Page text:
The Canaanites buried their dead communally in caves outside their settlements, supplying them with pottery vessels containing food and drink, and with other necessities such as furniture, weapons and jewelry.Scholars have also identified a practice called kipsu, in which families went to the grave at regular intervals to deliver food and water. In Ugarit and Bet Shemesh, tubes have been found that archeologists believe were used to conduct food and water to the dead body. Their discovery in Bet Shemesh strongly suggests that Israelites also fed their dead. Additional evidence is found in this week's parsha (KiTavo), where the practice is mentioned, without prejudice, as part of the liturgy the Torah establishes for offering tithes.
I have not eaten [from the food] while I was in mourning, nor have I removed any of it while I was unclean, nor have I deposited any of it with the dead. (ולא נתתי ממנו למת) I have obeyed the LORD my God; I have done everything you commanded me.Later biblical interpreters, including the authors of the Sifrei and the Mishna, were likely unaware of kipsu, and took the verse differently. Instead of reading ולא נתתי ממנו למת to mean "I have not given any of [the food] to the dead" they interpreted it as "I have not given any [of the sale proceeds] of the food to a dead person [to use for coffins or shrouds.]" Rashi, following both Sifrei and the Mishna takes it that way.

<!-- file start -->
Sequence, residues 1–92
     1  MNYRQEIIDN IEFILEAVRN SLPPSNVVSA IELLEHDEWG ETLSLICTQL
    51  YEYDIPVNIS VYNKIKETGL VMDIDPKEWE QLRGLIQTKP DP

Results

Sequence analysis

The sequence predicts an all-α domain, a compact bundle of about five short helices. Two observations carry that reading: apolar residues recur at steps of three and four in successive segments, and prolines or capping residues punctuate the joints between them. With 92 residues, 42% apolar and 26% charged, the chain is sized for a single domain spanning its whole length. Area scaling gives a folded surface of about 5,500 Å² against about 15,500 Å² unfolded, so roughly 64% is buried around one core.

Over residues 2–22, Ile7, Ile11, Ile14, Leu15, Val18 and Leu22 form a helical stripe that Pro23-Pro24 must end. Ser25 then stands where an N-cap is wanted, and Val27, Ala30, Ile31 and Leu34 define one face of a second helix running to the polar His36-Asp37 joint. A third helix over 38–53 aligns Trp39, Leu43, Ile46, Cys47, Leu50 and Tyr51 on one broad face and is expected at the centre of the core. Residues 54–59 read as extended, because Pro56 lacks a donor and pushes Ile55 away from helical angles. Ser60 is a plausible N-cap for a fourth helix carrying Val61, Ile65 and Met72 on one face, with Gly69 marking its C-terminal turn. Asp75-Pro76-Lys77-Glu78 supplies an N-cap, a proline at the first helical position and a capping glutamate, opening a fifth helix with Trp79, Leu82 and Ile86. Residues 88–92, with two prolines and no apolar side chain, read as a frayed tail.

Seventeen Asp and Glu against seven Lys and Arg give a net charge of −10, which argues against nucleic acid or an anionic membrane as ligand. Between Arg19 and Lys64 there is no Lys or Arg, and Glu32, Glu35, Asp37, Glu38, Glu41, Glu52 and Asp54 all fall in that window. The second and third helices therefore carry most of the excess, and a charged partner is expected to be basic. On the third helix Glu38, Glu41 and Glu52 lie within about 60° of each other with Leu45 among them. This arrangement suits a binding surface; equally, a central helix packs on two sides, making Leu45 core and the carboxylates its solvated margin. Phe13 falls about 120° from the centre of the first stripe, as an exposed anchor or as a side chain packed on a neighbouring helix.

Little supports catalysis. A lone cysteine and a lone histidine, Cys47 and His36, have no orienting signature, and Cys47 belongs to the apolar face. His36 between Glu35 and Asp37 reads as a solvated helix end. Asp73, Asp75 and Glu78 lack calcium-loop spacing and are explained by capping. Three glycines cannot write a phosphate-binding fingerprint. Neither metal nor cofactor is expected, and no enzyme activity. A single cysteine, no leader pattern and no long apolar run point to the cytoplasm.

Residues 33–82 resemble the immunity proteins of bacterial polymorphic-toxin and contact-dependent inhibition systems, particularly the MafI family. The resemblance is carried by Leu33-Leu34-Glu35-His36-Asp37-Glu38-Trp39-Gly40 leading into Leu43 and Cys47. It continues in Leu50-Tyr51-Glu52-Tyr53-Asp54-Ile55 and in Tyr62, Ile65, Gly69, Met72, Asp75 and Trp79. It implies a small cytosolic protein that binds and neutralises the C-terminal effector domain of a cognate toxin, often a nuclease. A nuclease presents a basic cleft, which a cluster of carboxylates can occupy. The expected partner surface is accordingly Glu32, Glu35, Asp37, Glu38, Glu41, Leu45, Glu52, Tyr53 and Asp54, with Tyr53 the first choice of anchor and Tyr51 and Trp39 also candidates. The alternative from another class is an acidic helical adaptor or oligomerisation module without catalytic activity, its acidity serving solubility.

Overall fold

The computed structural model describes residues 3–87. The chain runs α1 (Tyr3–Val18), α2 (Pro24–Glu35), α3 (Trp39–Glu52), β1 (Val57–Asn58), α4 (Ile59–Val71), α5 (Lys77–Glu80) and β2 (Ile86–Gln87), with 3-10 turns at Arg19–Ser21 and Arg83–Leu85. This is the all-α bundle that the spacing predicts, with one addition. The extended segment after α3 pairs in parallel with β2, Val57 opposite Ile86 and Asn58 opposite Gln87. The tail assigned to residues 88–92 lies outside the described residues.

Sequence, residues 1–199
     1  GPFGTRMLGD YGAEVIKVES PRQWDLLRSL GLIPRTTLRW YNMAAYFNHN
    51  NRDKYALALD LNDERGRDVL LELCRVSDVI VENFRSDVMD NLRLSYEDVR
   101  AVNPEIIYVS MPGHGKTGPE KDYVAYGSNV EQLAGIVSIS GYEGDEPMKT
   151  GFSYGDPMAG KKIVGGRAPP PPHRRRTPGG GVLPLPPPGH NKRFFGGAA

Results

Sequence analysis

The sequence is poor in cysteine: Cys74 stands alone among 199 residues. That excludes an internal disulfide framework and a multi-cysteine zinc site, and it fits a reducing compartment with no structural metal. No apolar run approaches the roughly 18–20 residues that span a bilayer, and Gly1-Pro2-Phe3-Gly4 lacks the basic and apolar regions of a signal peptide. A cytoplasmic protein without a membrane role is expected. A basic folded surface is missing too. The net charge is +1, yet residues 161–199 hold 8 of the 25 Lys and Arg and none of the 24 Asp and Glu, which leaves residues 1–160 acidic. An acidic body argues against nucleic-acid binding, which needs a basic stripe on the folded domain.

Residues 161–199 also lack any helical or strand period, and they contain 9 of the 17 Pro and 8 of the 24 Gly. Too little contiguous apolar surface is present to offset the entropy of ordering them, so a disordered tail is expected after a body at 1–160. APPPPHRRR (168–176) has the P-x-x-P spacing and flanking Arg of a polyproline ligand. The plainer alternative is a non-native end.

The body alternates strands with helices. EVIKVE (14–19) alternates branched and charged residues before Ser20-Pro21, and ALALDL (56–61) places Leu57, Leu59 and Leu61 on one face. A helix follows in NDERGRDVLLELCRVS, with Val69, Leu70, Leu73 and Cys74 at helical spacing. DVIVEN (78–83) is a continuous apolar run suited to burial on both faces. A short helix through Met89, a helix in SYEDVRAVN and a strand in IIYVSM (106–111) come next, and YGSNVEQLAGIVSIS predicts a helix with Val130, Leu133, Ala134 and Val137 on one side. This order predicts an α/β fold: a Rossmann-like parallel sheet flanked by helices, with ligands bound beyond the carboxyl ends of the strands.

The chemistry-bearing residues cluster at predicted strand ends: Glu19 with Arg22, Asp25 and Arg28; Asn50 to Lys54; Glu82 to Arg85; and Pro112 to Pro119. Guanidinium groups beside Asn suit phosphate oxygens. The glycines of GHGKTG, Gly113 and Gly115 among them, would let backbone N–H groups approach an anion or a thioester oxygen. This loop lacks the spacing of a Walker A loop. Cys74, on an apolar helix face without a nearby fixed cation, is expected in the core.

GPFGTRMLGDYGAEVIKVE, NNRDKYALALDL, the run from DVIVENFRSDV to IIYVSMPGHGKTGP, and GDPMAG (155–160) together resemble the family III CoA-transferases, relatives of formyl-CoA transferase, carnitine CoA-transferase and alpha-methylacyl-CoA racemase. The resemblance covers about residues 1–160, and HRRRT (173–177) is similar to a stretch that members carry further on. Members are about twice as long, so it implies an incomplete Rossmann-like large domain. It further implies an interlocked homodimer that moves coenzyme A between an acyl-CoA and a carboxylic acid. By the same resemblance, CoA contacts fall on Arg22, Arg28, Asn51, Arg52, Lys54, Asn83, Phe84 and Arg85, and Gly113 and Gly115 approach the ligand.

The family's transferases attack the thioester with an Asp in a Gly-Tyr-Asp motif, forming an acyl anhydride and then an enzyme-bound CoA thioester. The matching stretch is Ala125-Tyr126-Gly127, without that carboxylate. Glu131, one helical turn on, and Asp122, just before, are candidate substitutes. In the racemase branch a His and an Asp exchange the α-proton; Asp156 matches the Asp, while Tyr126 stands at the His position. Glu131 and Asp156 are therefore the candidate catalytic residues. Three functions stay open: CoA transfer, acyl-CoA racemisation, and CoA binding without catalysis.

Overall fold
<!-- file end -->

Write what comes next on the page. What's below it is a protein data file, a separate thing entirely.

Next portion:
Update: 6:26 p.m. The first paragraph is found here; the second is from here
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